chapter  11
ByPeter J Barnes
Pages 9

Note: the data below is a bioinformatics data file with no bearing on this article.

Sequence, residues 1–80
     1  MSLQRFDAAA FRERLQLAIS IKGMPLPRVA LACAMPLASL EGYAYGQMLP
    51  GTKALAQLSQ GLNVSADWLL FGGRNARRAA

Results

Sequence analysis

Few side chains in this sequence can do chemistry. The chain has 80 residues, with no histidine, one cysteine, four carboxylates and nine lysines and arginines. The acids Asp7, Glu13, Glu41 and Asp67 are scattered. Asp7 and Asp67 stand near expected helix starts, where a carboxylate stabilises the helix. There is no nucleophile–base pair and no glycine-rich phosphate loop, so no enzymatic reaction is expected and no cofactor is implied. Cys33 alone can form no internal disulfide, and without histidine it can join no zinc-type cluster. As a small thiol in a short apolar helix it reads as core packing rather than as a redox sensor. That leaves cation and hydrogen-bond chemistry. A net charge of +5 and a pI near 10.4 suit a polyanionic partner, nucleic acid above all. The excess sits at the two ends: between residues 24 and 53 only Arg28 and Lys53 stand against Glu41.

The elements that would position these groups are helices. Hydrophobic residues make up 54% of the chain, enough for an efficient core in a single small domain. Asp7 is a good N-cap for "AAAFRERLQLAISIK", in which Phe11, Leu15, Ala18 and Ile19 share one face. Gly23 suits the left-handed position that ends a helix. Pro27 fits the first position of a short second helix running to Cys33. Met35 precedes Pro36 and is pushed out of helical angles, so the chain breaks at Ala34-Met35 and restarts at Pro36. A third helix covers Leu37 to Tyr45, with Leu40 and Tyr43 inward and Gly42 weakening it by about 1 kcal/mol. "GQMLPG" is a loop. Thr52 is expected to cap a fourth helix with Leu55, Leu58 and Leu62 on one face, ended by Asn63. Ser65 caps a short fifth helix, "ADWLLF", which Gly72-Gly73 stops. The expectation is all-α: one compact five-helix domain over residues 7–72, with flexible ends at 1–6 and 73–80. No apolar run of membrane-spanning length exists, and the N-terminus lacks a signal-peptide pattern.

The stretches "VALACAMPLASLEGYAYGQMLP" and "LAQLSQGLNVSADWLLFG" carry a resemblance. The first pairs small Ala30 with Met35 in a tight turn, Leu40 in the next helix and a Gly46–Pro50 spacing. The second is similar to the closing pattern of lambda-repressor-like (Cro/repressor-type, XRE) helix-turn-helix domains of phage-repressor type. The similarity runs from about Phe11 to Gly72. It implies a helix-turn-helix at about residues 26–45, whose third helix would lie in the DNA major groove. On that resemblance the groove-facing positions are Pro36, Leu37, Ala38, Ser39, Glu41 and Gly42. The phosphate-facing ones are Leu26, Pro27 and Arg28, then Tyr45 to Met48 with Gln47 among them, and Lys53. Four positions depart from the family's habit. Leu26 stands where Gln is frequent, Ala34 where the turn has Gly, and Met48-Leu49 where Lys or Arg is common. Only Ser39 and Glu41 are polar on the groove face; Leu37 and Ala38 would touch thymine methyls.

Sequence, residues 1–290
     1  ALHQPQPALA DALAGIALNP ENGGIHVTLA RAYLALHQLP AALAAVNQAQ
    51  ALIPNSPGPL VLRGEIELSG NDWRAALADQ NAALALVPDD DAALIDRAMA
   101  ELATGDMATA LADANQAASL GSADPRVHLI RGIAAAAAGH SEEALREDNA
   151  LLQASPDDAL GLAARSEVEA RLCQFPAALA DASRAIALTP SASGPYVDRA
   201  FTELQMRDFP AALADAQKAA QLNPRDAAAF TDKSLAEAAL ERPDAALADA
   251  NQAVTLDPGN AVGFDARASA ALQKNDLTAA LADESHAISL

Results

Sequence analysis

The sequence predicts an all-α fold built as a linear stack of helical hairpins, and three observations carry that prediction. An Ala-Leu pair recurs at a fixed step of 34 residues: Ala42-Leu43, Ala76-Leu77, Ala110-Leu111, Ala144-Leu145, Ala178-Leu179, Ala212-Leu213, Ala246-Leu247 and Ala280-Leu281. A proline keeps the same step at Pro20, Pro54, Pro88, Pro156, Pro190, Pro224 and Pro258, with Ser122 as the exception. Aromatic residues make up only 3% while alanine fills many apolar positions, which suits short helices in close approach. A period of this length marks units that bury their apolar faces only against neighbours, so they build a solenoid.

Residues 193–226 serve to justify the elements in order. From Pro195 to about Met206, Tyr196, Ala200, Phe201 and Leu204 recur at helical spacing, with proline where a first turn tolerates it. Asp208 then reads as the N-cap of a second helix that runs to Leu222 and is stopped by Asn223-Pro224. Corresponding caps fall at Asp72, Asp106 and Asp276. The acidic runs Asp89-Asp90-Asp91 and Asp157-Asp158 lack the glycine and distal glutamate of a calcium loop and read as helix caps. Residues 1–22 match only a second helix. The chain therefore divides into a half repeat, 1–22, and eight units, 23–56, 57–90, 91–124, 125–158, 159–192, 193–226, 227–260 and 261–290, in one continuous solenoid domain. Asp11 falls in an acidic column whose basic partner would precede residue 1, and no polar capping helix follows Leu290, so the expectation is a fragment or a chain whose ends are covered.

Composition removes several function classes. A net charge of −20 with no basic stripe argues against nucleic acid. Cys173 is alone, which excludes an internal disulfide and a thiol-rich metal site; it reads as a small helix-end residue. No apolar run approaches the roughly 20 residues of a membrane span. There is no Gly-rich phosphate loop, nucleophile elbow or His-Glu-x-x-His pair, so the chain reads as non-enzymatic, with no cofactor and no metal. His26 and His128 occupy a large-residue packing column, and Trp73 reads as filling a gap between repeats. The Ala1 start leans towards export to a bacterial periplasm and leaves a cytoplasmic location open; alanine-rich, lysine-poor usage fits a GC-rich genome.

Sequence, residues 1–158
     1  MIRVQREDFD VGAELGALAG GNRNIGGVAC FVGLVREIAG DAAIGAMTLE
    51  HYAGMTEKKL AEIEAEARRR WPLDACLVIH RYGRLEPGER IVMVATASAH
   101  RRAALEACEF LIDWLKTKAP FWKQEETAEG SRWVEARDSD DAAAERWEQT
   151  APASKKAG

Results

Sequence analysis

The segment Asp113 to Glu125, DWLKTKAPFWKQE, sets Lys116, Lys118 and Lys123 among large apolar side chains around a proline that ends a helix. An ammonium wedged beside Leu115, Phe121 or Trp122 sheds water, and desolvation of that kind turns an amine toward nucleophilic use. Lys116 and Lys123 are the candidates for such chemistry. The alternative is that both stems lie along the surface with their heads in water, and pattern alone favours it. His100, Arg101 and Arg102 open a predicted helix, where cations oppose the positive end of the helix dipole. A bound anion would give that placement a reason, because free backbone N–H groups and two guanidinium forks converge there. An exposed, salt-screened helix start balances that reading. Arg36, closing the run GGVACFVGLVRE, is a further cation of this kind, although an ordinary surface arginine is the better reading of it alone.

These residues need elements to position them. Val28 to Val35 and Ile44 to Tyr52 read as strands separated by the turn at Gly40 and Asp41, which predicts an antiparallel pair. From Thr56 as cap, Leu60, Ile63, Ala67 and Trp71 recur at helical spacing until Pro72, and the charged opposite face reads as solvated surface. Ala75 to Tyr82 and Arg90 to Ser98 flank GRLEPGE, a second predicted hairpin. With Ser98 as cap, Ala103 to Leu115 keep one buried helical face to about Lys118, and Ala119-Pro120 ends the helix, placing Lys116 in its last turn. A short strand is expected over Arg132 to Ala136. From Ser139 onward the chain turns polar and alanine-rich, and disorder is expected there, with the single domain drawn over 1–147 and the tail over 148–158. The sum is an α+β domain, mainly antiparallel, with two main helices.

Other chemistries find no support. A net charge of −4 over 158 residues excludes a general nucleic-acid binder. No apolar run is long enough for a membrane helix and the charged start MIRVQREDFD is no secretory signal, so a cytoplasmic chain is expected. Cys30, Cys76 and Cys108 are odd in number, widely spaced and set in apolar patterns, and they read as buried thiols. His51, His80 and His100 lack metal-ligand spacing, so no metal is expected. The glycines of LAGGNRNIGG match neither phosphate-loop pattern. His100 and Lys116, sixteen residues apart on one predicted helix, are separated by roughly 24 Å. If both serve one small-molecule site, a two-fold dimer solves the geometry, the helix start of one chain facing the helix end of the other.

It is now well established that inflammation is of critical importance in asthma and this has been a major impetus to changing the management of asthma, with emphasis on the early use of anti-inflammatory treatments. Inflammation is also important in COPD; chronic inflammation is present in the airways and lung parenchyma of patients with COPD, although the pathophysiologic significance of this inflammation is currently uncertain. The inflammatory process in COPD differs in most respects from that in asthma in terms of inflammatory cells, inflammatory mediators, inflammatory responses and response to corticosteroid therapy.1 However, some patients with COPD (10%) also have asthma and therefore may share inflammatory features. Cigarette smoking itself induces an inflammatory response and the inflammatory changes described in COPD appear to be an exaggeration of the normal inflammatory response to an irritant.2 More comparisons between COPD patients and individuals with normal lung function who are matched for smoking exposure are needed. It is also important to differentiate COPD from asthma, and a negative trial of corticosteroids is recommended in selecting suitable patients for study. There is little information about the inflammatory process in patients with COPD that is not due to smoking.3